Tuesday Nov 13 2018, 9 pm Eastern
Wednesday Nov 14 2018, 8 pm GMT, 12 noon Pacific
Association of Angiotensin-Converting Enzyme Inhibitor or Angiotensin Receptor Blocker Use With Outcomes After Acute Kidney Injury
Full Text at JAMA IM
This week we discuss an observational study from the Alberta Kidney Disease Network population database. After acute kidney injury (AKI), is use of Angiotensin-Converting Enzyme Inhibitor (ACEI) or Angiotensin Receptor Blocker (ARB) associated with better renal and mortality outcomes? A critically important clinical question that has been much discussed recently – does this study provide evidence that we can apply to routine practice? Join us to discuss
ACE Inhibitors and ARBs are drugs that have transformed clinical care. There is strong randomised trial evidence for improved clinical outcomes from these drugs for patients with heart failure with reduced left ventricular function, and for proteinuric kidney disease. They are also recommended for use for the treatment of hypertension and after ischaemic heart disease. These multiple indications have led to them being one of the most commonly prescribed drug groups. However, in recent years there has been growing concern about their potential for ‘nephrotoxicity’. They are widely believed to be associated with AKI, particularly in patients who are hypovolaemic or septic. Multiple guidelines recommend dose reduction or cessation of these drugs for patients who have developed or are at risk of AKI. However, it is often unclear whether, and when, the drugs should be restarted, particularly when patients are at risk of further AKI. We do know that patients are at high risk of readmission with cardiac failure after AKI but it is not clear how much this is due to cessation of ACEI/ARB drugs as part of AKI management. In addition, AKI itself is associated with increased risk of future adverse outcomes including mortality and development of chronic kidney disease. Do these drugs offer specific benefits after AKI? These issues are at the heart of daily clinical work, and yet there is minimal evidence to help us make these important decisions. Hence the excitement that has greeted this new study by Sandeep Brar to investigate the effects of these drugs after AKI.
This was an observational cohort study using the Alberta Kidney Disease Network population based database, a resource for kidney disease research which uses laboratory data linked to a series of other administrative data sources. The study population was adults over 18 who were admitted to hospital between July 1, 2008, and March 31, 2013, or the first hospitalisation if there were many. Only patients who had AKI during the admission were included and this was defined by comparing the peak hospital creatinine level to a baseline value taken as the mean serum creatinine in the 180 days before admission. AKI was defined as an increase in serum creatinine concentration of 50% or greater, or an increase of 0.3 mg/dL within 48 hours, and/or a need for dialysis during the index hospitalization. Participants who died or whose condition progressed to ESRD (eGFR<15 mL/min/1.73 m2, long-term dialysis, kidney transplant) before or during the index hospitalization were excluded. Included patients were followed up from the discharge date until March 31, 2015 and (note this) with minimum follow-up of two years.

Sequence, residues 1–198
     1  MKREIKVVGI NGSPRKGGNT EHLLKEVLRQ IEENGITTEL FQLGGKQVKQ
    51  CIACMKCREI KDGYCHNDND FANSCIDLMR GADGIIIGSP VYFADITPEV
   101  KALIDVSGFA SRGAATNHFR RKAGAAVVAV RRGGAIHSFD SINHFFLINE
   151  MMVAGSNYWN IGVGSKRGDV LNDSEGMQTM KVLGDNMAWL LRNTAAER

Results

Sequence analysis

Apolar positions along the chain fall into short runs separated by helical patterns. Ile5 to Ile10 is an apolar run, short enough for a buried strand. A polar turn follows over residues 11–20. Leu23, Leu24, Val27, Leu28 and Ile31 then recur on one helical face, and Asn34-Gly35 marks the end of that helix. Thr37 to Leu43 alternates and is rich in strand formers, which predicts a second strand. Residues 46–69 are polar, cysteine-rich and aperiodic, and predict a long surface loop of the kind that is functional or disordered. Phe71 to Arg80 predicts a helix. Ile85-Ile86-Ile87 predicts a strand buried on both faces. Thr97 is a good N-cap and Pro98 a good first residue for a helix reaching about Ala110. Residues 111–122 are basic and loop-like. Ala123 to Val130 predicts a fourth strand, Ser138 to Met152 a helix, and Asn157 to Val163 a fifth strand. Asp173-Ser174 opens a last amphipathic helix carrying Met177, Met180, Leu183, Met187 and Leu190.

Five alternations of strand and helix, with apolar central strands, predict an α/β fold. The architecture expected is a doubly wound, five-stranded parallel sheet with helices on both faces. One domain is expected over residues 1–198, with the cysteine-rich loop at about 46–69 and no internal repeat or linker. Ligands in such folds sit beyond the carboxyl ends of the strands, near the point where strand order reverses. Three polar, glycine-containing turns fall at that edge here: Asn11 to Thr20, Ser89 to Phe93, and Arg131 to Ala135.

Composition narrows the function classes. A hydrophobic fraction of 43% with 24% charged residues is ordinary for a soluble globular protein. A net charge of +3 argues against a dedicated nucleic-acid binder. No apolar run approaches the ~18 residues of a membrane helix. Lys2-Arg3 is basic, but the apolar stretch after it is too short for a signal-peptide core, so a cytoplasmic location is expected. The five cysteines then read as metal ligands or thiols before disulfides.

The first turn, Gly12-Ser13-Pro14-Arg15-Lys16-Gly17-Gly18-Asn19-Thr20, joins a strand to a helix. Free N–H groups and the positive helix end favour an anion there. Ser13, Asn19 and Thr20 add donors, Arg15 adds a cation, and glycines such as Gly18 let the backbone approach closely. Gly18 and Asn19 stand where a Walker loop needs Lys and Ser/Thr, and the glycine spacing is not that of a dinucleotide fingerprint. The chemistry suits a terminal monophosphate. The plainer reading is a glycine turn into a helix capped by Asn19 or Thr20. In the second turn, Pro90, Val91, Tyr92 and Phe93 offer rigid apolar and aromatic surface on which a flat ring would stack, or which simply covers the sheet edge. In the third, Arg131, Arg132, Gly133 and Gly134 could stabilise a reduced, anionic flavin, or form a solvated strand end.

The investigators were able to obtain detailed information to accurately characterize potential confounders from a range of data sources. These included details of the hospital admission including need for ICU admission, comorbidities, medication use and outpatient visits.
The primary outcome was all-cause mortality while secondary outcomes were hospitalization for a renal cause, ESRD, and a composite outcome of ESRD or sustained doubling of serum creatinine concentration (compared to pre AKI baseline). ‘Hospitalization for a renal cause’ was defined as an admission after the index hospitalization until March 31, 2015 (only the first one if there were several), with a ‘most responsible’ diagnosis code of acute renal failure, (note this too) congestive heart failure, hypervolemia, hyperkalemia, or malignant hypertension. ESRD was defined not by coding but by at least 2 consecutive eGFR measurements of less than 15mL/min/1.73 m2 until the end of follow-up.
Right, concentrate here because this bit is tricky. The main analysis was comparing patients who were dispensed at least one prescription for an ACEI or an ARB within 6 months after discharge, to those who weren’t prescribed the drugs. In the secondary analysis patients were categorised as:
no use of ACEI/ARB, (no prescription in the 6 months before or 6 months after the AKI admission)
new use (≥1 prescription within 6 months after discharge from the index hospitalization, with no prescriptions in the 6 months before admission)
prior use (≥1 prescription in the 6 months before admission)
continued use (≥1 prescription in the 6 months before admission and ≥1 prescription within 6 months after discharge).
But ‘hang on – aren’t users of ACEI and ARB are likely to be very different from non-users?’ The authors tried to deal with this by constructing a propensity-score matched group of users and non-users. We have discussed the benefits and pitfalls of propensity score matching in NephJC before here. Having created these smaller but more similar groups the authors went on to use Cox-regression modelling to examine the association between use and non-use of ACEI/ARB after AKI with the mortality and renal outcomes.